CONAN: Instant appeal. I was wondering, though - and thanks very much for the call, Taylor - this is set in the World War II era, where the original Captain America was fighting Nazis and, well, it turns out, the Red Skull is involved here, too, I'm sure. But do they do the iceberg thing at the end, where they freezes and cryogenically re-appears back in 1980's America?
WELDON: Well, he's scheduled to be in "The Avengers" film, so I'm guessing yes.
CONAN: And "Thor" isolated up there in, you know, the kingdom of the gods...
CONAN: ...stranded from his girlfriend. Is the rainbow bridge going to be repaired in time for him to come back and join the Avengers, do you think?
WELDON: I think Joss Whedon will have an answer for you very soon.
CONAN: And, well, there's other questions of - this idea of joining The Avengers, because now there's going to be an "Avenger's" movie, there's going to be "Iron Man 3" is also going to come out.
CONAN: This is an enormous billion-dollar project at this point.
WELDON: It's all logistics and - but it's kind of what Marvel fans look to the Marvel books for. They love that shared universe, something that DC isn't bothering with. They've made the announcement that the "Superman" and the "Batman" films are never going to cross over, and I don't think the "Green Lantern" film will either.
(SOUNDBITE OF LAUGHTER)
CONAN: They give us a hint of a sequel at the end of it. I don't want to spoil anything.
CONAN: But a character named Sinestro was not always going to turn out to be a good guy. Anyway, the - but it's unclear, after a $55 million take at the box office this weekend, that they're going to be a "Green Lantern 2."
WELDON: Yeah, yeah, certainly. And I think they're, sort of, running out of the characters they can give us treatment too. I don't think we're going to see a Matter-Eater Lad film. Do you know Matter-Eater Lad?
CONAN: I'm not so familiar with Matter-Eater Lad.
WELDON: He is a hero lad.
CONAN: He eats matter. That's really - yeah.
WELDON: Yeah, go figure.
CONAN: What happens to - never mind. Here's an email from Laura in Blacksburg, Virginia: I watch superhero movies, even though I'm not a comic book fan, because the movies are what I call, big, dumb, fun.
CONAN: They don't require a lot of thought for me. I don't have a plot to follow, really. And they're usually lots of explosions, perfect watching when my brain is tired and I just want some entertainment.
WELDON: Yup. This might be a semantic distinction that I make in my brain only, but I love goofy. That's what I kind of love about superheroes, their goofiness. I distinct - there's a distinction between that and silly, which just seems flimsy.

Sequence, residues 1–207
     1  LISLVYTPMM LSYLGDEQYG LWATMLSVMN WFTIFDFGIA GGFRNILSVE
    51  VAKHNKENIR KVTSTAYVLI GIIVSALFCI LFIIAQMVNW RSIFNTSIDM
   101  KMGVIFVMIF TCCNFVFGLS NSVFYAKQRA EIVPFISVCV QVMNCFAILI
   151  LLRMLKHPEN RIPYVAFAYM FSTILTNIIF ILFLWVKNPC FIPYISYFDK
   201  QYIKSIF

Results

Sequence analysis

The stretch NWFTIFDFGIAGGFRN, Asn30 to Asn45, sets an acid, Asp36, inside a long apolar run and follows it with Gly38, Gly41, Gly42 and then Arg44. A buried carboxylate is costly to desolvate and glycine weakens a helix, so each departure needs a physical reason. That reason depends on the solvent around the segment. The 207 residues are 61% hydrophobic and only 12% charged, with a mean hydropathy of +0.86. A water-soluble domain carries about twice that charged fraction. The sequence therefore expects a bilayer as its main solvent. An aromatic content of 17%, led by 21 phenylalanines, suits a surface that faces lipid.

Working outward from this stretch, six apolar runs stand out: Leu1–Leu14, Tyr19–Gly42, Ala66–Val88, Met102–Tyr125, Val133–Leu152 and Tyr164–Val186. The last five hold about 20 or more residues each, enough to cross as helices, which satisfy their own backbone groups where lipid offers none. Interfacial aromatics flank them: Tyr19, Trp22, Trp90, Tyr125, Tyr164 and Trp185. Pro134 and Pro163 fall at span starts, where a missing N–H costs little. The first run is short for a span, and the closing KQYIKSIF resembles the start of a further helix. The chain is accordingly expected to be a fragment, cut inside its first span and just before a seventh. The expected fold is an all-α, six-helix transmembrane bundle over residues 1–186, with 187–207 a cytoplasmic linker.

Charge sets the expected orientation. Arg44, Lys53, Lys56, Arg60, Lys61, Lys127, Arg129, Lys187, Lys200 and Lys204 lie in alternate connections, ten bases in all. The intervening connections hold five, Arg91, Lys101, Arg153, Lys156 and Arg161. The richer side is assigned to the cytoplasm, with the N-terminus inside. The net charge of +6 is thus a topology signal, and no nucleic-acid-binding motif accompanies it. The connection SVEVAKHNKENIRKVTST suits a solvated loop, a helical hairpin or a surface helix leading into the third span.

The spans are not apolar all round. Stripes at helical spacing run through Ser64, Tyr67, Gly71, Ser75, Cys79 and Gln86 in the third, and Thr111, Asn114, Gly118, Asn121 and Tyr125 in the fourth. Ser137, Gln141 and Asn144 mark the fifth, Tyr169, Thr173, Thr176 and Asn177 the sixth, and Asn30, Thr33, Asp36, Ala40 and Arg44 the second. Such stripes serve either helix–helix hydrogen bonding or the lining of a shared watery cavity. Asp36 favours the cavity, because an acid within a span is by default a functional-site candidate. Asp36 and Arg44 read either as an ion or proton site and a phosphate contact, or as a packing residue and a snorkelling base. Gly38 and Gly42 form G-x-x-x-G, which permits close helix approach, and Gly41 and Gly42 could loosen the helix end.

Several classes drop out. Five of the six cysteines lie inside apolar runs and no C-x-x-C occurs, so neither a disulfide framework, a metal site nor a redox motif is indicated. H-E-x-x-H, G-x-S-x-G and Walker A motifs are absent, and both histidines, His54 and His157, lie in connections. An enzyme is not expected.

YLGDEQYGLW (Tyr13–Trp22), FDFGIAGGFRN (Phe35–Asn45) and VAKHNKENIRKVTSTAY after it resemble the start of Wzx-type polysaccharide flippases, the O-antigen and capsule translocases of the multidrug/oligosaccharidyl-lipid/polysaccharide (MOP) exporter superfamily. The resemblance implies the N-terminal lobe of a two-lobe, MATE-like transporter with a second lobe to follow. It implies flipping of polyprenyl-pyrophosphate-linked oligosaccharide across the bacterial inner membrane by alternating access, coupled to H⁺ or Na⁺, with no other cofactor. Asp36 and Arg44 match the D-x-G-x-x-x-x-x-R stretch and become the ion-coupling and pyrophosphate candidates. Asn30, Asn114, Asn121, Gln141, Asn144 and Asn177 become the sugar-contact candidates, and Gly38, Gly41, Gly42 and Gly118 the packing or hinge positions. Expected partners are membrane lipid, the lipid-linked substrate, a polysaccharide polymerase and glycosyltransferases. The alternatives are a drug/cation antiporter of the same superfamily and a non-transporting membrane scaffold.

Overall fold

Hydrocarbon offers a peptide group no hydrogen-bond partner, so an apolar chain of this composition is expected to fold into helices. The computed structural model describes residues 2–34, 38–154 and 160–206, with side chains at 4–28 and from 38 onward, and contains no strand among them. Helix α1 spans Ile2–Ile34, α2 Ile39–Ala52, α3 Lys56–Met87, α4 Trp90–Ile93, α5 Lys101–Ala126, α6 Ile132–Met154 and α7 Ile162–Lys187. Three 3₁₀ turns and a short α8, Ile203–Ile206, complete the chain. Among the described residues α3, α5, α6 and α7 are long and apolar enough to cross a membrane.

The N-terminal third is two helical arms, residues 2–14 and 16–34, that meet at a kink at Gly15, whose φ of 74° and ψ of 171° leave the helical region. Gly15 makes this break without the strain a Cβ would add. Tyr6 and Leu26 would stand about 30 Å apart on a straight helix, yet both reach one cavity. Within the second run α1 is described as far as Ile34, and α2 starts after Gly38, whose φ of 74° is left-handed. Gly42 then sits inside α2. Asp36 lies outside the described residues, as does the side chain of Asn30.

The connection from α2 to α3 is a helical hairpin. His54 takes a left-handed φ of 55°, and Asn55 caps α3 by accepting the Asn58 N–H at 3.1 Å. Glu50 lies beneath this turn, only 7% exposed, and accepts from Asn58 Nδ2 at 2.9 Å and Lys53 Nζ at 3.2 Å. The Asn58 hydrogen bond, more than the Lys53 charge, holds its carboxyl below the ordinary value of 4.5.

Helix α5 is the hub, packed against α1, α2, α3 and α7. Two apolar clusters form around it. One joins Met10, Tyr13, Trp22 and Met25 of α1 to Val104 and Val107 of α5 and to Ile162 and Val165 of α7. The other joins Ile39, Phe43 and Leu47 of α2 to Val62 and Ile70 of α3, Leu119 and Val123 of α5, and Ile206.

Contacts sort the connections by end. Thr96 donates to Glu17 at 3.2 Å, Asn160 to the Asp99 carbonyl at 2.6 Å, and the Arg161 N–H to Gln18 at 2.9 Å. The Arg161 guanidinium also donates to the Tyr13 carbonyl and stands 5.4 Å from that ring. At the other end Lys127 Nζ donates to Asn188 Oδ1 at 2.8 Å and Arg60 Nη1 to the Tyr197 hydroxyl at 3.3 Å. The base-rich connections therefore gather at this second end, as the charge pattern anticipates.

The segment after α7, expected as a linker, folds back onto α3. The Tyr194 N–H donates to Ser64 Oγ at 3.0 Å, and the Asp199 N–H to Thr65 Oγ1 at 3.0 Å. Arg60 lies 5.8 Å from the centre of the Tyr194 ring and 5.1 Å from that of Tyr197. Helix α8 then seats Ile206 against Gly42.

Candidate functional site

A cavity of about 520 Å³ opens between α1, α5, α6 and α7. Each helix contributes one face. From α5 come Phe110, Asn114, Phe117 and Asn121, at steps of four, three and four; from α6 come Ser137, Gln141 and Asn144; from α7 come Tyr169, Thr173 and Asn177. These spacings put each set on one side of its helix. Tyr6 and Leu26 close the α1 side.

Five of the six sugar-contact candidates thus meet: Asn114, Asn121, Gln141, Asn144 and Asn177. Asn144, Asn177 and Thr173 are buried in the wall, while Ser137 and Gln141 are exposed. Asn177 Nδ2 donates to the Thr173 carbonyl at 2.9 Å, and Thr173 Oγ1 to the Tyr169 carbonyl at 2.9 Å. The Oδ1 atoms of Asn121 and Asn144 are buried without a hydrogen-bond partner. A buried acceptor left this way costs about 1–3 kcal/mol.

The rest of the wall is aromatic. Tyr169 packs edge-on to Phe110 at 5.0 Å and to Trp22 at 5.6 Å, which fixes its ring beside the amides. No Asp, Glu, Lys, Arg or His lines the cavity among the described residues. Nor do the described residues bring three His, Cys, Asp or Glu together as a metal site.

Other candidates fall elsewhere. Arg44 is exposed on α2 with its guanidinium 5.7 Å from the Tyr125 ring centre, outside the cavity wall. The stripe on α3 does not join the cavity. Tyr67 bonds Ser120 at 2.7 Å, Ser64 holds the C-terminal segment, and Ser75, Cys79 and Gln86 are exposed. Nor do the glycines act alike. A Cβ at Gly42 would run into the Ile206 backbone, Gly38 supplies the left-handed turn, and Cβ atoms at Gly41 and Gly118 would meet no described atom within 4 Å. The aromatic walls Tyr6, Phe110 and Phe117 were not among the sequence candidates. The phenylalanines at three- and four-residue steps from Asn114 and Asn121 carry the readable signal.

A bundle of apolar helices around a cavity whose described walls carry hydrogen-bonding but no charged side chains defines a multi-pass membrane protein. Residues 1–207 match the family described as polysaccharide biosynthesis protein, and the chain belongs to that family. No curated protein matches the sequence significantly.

CONAN: And it can, as you point out, look really - there's that element of what I used to call cosmic stupidity...
CONAN: ...in comic books, which I loved. "Thor" seemed to capture it.
CONAN: I thought that grandeur...
CONAN: ...was thrilling, not so much in "Green Lantern," whereas you point out, the big villain is a cloud.
WELDON: Is a cloud and that worked for Burt Lancaster in "The Rainmaker," but it probably won't work for a superhero. You need something to punch.
CONAN: Howell Smith in Edmond, Oklahoma writes: Bah, humbug. I like the first two "Batman's," endured "Spider-Man." I hated all the others unless you count "Avatar" as being countable in the genre.
WELDON: I wouldn't.
WELDON: I really wouldn't.
CONAN: No, very different.
WELDON: This genre, it is a subsection. It's a subgenre of action movies. And it's here for the foreseeable future. It's just - I'm just kind of curious where they're going to dig out the closet next.
CONAN: Curios also. It is a subgenre of comic books. The capes, as they're known in the trade, they - there's a lot of other comic books that don't have superpowers.
WELDON: Well, there had been a lot of films made from comics that people don't know came from comics, films like "Road to Perdition" and several others, but...
CONAN: "Ghost Story," yeah.
WELDON: Yeah, "Ghost Story." Absolutely, yeah.
CONAN: And so keep an eye out for some of those too. Some of those are a little more quirky than...
CONAN: ...well, something about in brightest day and in blackest night.
CONAN: Glen Weldon blogs about comics for NPR's pop-culture blog Monkey See. And as we mentioned, he's also a panelist at NPR's Pop Culture Happy Hour podcast. You can find those all at npr.org. He joined us today in Studio 3A. Glen, thanks very much.
WELDON: Thank you, Neal.
CONAN: This is TALK OF THE NATION from NPR News. I'm Neal Conan in Washington.